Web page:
Compensation for Lighting Injuries at Work
Is it possible to claim compensation for lighting injuries at work due to poor workplace lighting? I tripped over a box of paper left in a storage area of the office where the lighting is terrible. My boss told me that because the lighting is bad I should have taken greater care.
Is it possible to claim compensation for lighting injuries at work due to poor workplace lighting? I tripped over a box of paper left in an area where the lighting is terrible. My boss told me that because the lighting is bad I should have taken greater care.
Lighting levels in the workplace need to be adequate to allow workers to perform their jobs safely and, should poor lighting result in an injury being sustained, it is usually possible to claim compensation for lighting injuries at work. Lighting injury compensation covers any failure in lighting which causes an injury. Providing that it can be established that a lack of suitable lighting was to blame for you having an accident at work, and the accident was how you sustained your injuries, then you should be eligible to claim compensation for lighting injuries at work.
Low light levels which prevent employees from performing their duties safely is classed as a failure in your employer´s “duty of care”, and your employer may have been negligent for not ensuring that appropriate lighting was provided. Claiming that you were aware of the lighting problems and should have taken more care does not mean that your employer is not liable to pay you compensation for lighting injuries at work. You are not expected to have to make up for any health and safety failings in your place of work which have not been properly addressed by your employer. It is not uncommon for claims for compensation for poor office lighting to be made by office employees, and inadequate lighting is a common reason why trip hazards are not spotted.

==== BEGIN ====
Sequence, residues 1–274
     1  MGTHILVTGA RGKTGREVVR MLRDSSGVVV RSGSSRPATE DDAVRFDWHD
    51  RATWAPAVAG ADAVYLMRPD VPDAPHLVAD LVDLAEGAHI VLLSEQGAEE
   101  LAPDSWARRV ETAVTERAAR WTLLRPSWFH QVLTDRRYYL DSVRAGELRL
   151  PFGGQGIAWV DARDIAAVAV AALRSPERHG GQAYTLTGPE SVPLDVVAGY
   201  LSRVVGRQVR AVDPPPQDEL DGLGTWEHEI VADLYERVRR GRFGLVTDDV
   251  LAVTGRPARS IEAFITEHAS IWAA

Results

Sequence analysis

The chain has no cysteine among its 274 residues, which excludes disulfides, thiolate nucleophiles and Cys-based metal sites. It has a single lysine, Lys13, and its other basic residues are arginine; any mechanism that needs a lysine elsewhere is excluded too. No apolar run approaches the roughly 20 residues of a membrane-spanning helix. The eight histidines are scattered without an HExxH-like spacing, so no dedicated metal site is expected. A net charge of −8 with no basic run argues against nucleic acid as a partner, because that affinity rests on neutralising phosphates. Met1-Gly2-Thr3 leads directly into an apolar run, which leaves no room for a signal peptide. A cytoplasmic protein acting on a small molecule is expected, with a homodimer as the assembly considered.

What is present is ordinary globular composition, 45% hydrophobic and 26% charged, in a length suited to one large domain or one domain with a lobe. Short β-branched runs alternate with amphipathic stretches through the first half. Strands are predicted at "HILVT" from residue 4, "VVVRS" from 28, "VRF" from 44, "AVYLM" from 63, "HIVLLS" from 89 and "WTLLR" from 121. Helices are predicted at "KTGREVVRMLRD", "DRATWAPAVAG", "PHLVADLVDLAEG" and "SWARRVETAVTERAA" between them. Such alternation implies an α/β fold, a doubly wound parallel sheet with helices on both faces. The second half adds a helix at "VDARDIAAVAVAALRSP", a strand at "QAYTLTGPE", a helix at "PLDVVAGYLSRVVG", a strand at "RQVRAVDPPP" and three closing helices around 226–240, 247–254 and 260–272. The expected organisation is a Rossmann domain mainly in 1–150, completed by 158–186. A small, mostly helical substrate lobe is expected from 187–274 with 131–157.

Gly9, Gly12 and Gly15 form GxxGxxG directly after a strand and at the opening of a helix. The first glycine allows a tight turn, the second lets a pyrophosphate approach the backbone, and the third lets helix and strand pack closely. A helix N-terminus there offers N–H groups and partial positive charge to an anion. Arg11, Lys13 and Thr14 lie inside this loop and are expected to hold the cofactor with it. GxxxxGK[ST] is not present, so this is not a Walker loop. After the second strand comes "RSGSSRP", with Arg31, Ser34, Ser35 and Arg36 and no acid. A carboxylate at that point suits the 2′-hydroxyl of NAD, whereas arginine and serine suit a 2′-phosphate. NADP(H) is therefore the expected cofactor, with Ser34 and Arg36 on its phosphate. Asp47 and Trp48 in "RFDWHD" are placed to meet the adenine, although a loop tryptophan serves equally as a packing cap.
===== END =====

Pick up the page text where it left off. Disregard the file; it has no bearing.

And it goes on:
The combination of poor lighting and a trip hazard makes an accident even more likely to occur. Even if an object as large as a box of paper would normally have been be spotted by an attentive employee and should not have resulted in an accident, this by itself can be classed as a failure in a duty of care and employer negligence. Due to two areas of negligence, it is likely that any claim for compensation for lighting injuries at work should have a good chance of being successful.
Any object left on the floor represents a trip hazard, which is why employers are duty bound to ensure that all thoroughfares are kept scrupulously clean and clear from objects, no matter how large or obvious they may appear. They always have potential to result in an accident, as employees cannot be expected to be attentive to every single step they take. Even if your employer did not personally leave the box of paper on the floor, if this was in an area which staff were authorised to visit, the box should not have been left where it represented a trip hazard. Your employer should therefore be liable for any injuries sustained by staff for tripping and falling, regardless of the level of lighting.
It would appear that your employer has failed to take adequate care to ensure the safety of employees on two counts and, as either one would give you grounds to make a claim for compensation, you should therefore have a strong chance of recovering compensation for your injuries due to multiple health and safety failures in the workplace. Even though you should be able to claim compensation for lighting injuries at work it is recommended that you speak with a personal injury solicitor for advice. If your employer has indicated that he does not believe you have a valid claim, it will be to your advantage to ensure that you have professional legal representation. You will be provided with advice on what you need to do next in order to make a claim for compensation for lighting injuries at work, and will be given guidance about how best to go about recovering compensation for your injuries.